Shelter Proximity and Affect among Homeless Smokers Making a Quit Attempt
Abstract:Objectives: To explore the associations between shelter proximity and real-time affect during a specific smoking quit attempt among 22 homeless adults. Methods: Affect was measured via 485 smartphone-based Ecological Momentary Assessments randomly administered during the weeks immediately before and after the quit day, and proximity to the shelter was measured via GPS. Adjusted linear mixed model regressions examined associations between shelter proximity and affect. Results: Closer proximity to the shelter was associated with greater negative affect only during the post-quit attempt week (p = .008). All participants relapsed to smoking by one week post-quit attempt. Conclusions: Among homeless smokers trying to quit, the shelter may be associated with unexpected negative affect/stress. Potential intervention applications are suggested.
Document Type: Research Article
Affiliations: 1: Department of Educational Psychology, College of Education, University of Houston, Houston, Health Disparities Research at The University of Texas MD Anderson Cancer Center, Houston, TX, USA 2: Division of Health Promotion and Behavioral Sciences, University of Texas School of Public Health and The University of Texas Southwestern Harold C. Simmons Comprehensive Cancer, Dallas, TX, USA 3: Department of Biostatistics, The University of Texas MD Anderson Cancer Center, Houston, TX, USA 4: Department of Health Disparities Research, The University of Texas MD Anderson Cancer Center, Houston, TX, USA 5: Program in Health Disparities Research, University of Minnesota Medical School, Minneapolis, MN, USA 6: School of Social Work, University of Texas at Austin, Austin, TX, USA 7: Division of Health Promotion and Behavioral Sciences, University of Texas School of Public Health and The University of Texas Southwestern Harold C. Simmons Comprehensive Cancer, Dallas, TX, USA. reitzel_at_UH@comcast.net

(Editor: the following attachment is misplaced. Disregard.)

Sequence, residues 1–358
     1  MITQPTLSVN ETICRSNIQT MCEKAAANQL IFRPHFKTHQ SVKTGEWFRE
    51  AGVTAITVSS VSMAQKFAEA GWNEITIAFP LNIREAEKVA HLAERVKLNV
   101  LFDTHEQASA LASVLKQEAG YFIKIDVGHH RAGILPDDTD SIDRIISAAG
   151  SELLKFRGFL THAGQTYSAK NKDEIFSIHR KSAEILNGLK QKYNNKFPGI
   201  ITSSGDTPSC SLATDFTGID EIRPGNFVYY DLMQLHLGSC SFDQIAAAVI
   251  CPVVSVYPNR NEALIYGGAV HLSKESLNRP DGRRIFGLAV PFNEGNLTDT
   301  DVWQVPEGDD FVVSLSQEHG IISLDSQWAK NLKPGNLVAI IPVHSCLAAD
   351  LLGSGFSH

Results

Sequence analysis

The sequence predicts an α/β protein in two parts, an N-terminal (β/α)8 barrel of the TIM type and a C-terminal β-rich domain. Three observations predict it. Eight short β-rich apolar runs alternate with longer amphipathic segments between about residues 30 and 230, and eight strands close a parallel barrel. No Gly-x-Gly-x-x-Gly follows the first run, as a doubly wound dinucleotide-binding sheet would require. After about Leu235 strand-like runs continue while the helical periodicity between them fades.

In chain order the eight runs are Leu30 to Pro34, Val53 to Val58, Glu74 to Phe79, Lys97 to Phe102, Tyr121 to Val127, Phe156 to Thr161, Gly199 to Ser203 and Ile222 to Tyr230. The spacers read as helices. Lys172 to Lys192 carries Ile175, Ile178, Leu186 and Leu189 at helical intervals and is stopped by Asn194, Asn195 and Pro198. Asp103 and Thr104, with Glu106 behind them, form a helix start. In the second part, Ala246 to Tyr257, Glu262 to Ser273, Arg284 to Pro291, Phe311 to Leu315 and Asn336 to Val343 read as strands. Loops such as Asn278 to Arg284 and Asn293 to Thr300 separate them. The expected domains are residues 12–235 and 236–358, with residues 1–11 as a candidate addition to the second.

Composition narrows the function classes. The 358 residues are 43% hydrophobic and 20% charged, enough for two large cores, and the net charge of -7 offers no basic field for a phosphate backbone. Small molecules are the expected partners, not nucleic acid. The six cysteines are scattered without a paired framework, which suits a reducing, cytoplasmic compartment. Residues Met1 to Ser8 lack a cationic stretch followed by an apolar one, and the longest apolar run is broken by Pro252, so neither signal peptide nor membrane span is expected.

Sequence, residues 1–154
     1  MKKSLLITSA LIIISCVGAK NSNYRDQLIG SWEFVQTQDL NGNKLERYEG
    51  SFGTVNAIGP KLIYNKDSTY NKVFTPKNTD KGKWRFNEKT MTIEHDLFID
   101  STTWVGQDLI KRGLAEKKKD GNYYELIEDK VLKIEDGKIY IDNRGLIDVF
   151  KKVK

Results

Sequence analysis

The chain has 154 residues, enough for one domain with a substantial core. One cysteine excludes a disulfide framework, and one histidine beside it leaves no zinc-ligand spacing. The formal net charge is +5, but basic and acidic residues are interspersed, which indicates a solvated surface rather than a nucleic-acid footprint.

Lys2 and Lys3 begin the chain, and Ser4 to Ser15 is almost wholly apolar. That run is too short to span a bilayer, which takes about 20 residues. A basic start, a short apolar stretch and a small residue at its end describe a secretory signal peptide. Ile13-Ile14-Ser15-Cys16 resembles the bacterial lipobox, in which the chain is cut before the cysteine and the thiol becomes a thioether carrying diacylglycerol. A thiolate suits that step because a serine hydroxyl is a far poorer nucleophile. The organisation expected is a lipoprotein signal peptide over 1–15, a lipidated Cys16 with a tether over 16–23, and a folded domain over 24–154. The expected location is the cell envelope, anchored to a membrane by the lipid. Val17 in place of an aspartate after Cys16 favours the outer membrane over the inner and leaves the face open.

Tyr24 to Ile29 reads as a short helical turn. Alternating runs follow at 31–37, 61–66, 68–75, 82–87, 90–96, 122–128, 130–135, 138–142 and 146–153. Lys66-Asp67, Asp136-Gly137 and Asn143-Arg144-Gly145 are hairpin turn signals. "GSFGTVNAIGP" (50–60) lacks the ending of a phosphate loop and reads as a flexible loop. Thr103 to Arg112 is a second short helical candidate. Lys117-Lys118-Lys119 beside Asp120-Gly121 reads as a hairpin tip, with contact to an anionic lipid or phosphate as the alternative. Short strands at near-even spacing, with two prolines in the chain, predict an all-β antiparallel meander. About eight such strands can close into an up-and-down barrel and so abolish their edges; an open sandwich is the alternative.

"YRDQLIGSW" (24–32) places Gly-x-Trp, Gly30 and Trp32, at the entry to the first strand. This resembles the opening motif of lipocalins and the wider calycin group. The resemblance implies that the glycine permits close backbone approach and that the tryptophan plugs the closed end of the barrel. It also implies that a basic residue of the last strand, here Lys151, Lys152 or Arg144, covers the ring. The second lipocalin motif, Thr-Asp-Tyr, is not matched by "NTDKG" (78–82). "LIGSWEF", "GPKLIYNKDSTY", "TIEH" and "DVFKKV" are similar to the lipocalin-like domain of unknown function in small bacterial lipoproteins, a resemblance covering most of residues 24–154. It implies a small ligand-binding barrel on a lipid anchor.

Publication date: March 1, 2014
The American Journal of Health Behavior seeks to improve the quality of life through multidisciplinary health efforts in fostering a better understanding of the multidimensional nature of both individuals and social systems as they relate to health behaviors.
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